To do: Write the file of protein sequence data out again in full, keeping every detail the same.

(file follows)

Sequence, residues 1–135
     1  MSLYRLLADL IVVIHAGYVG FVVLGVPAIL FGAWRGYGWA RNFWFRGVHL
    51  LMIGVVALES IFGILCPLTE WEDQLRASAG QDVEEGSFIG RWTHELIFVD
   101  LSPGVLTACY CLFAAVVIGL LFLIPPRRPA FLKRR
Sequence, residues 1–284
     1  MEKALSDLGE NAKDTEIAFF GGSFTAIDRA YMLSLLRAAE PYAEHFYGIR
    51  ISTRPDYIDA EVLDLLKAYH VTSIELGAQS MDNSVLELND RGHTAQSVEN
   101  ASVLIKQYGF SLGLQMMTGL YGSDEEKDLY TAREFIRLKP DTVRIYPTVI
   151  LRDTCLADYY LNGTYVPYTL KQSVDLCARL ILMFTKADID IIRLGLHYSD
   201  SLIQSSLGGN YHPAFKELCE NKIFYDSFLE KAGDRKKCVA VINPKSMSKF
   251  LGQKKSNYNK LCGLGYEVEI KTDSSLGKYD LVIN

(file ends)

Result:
Sequence, residues 1–135
     1  MSLYRLLADL IVVIHAGYVG FVVLGVPAIL FGAWRGYGWA RNFWFRGVHL
    51  LMIGVVALES IFGILCPLTE WEDQLRASAG QDVEEGSFIG RWTHELIFVD
   101  LSPGVLTACY CLFAAVVIGL LFLIPPRRPA FLKRR
Sequence, residues 1–284
     1  MEKALSDLGE NAKDTEIAFF GGSFTAIDRA YMLSLLRAAE PYAEHFYGIR
    51  ISTRPDYIDA EVLDLLKAYH VTSIELGAQS MDNSVLELND RGHTAQSVEN
   101  ASVLIKQYGF SLGLQMMTGL YGSDEEKDLY TAREFIRLKP DTVRIYPTVI
   151  LRDTCLADYY LNGTYVPYTL KQSVDLCARL ILMFTKADID IIRLGLHYSD
   201  SLIQSSLGGN YHPAFKELCE NKIFYDSFLE KAGDRKKCVA VINPKSMSKF
   251  LGQKKSNYNK LCGLGYEVEI KTDSSLGKYD LVIN